The following text is taken from a February 3, 1976 entry in Catherine Doherty’s book, Dearly Beloved, Vol. III, published by Madonna House Publications in 1990.
Time and again Jesus spoke to his followers about the need for stewardship. His parable of the talents in Matthew 25:14–30 is an especially powerful example. If we study the Gospels carefully, we ourselves will come to realize the immensity and all pervasiveness of that word ‘stewardship.’
Let us take baptism, for instance. When we are baptized into the life and death of Jesus Christ, we receive a tremendous stewardship. We receive the keys of the Kingdom; and we have the responsibility of opening its doors and of finding out all about it. Because we are its stewards, we must seek to penetrate every corner of this Kingdom of ours. We have entered it, not for ourselves alone, but for the whole world. What a tremendous stewardship this is!
This concept of stewardship enters into the nitty gritty everydayness of my life. I am responsible for so many things. The pollution of the earth begins with me. Do I use sprays that damage the atmosphere? Do I misuse ways of feeding people who are under my care? I am the steward of everything that I use: utensils in the kitchen, books in the library, files in the office, beds in the dorm.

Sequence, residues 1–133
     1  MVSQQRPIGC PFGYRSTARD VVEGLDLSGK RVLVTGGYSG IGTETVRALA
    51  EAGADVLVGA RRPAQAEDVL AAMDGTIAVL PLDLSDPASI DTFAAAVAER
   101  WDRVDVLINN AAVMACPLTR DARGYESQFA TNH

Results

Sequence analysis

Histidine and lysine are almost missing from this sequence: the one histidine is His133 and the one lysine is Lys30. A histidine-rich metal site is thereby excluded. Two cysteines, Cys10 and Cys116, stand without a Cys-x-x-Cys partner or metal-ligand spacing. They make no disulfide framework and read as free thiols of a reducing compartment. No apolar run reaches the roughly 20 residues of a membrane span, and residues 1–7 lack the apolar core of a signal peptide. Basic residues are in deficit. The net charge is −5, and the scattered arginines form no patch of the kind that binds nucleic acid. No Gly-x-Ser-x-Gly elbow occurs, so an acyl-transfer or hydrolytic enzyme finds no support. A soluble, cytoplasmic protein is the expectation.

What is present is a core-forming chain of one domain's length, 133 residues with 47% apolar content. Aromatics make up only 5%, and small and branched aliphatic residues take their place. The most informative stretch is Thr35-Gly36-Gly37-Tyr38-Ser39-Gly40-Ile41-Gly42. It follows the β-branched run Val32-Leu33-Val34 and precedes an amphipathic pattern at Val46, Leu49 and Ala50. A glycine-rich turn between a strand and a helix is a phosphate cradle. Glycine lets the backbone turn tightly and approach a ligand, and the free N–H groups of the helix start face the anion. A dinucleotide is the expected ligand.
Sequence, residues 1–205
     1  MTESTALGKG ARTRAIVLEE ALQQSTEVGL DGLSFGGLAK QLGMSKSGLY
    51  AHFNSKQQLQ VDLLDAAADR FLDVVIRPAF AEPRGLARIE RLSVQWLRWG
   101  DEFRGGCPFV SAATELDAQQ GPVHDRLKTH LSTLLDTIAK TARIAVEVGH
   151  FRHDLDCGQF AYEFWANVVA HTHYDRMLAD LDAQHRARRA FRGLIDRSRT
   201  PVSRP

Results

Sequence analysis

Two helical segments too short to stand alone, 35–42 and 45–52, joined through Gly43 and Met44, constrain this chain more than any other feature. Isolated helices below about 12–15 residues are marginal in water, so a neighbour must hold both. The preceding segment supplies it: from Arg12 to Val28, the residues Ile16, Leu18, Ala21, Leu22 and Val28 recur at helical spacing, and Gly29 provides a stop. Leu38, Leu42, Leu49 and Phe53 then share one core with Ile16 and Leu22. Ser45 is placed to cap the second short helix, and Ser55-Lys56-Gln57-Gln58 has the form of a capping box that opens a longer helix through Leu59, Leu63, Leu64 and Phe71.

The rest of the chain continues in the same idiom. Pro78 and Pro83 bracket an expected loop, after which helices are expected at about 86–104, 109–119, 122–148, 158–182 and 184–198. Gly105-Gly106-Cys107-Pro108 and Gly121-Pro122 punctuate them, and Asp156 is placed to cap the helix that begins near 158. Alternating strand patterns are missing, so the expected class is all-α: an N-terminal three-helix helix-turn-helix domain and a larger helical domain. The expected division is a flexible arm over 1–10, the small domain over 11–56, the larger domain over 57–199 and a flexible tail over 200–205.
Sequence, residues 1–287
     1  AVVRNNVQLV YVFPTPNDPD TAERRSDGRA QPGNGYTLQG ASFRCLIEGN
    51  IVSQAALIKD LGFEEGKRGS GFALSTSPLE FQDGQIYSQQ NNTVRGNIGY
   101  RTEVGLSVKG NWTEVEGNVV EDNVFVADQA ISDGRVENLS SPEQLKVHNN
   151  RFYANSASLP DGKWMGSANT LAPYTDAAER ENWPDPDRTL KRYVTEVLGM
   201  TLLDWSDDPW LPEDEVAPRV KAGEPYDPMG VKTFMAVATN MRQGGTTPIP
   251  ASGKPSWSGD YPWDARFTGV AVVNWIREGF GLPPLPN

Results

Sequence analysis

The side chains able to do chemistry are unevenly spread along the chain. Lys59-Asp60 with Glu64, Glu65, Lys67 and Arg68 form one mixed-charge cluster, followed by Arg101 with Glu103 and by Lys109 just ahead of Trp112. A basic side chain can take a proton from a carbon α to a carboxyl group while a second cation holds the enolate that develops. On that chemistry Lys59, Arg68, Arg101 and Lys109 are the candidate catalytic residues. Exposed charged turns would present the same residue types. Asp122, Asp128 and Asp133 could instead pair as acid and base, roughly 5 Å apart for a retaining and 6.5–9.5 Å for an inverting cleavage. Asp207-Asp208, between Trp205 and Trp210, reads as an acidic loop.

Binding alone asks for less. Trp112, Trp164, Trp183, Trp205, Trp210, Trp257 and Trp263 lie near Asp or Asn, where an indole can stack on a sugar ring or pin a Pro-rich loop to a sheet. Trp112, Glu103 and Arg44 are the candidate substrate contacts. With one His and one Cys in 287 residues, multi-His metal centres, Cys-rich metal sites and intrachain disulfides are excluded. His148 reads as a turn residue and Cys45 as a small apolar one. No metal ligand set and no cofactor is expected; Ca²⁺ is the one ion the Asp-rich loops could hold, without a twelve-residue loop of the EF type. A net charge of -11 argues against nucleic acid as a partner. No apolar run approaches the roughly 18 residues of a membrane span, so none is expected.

There is also a stewardship over our bodies. God has created us to be icons of Christ. We can blur the image of Christ in ourselves by being sloppy in our appearance, by having a slouchy posture, by not eating properly, by not disciplining ourselves in all the ways people think they find comfort. If we avoid this self discipline, then we fail to be stewards over the first and most important gift God has given us—our own incarnation.
We must also be good stewards of our own hearts, and be careful to give Christian example to others. From this springs stewardship of our speech, stewardship of our attention, of our thoughts, of our emotions. This form of self discipline begins in the heart, but it moves into all the areas of our subconscious and conscious life.
As we learn to guard our hearts properly, we become stewards of our brothers and sisters, of our neighbor who is next to us.
Do you understand what I am getting at? A sense of stewardship is so very important because our lack of it can easily destroy a family relationship, or an entire apostolate—especially if we fail in spiritual stewardship. We must become like those stewards who spend the ‘money’ of their master wisely. We are entrusted with the money of love, understanding, unselfishness. Especially unselfishness! He gives us these gifts out of the great storehouse of his treasures. Let us ‘spend’ them wisely, not foolishly.
Catherine Doherty, “The Many Faces of Stewardship.” In Dearly Beloved.
(Combermere ON: Madonna House Publications, 1990), 55–58.
Copyright © 1990 Madonna House Publications. ISBN 0-921440-21-9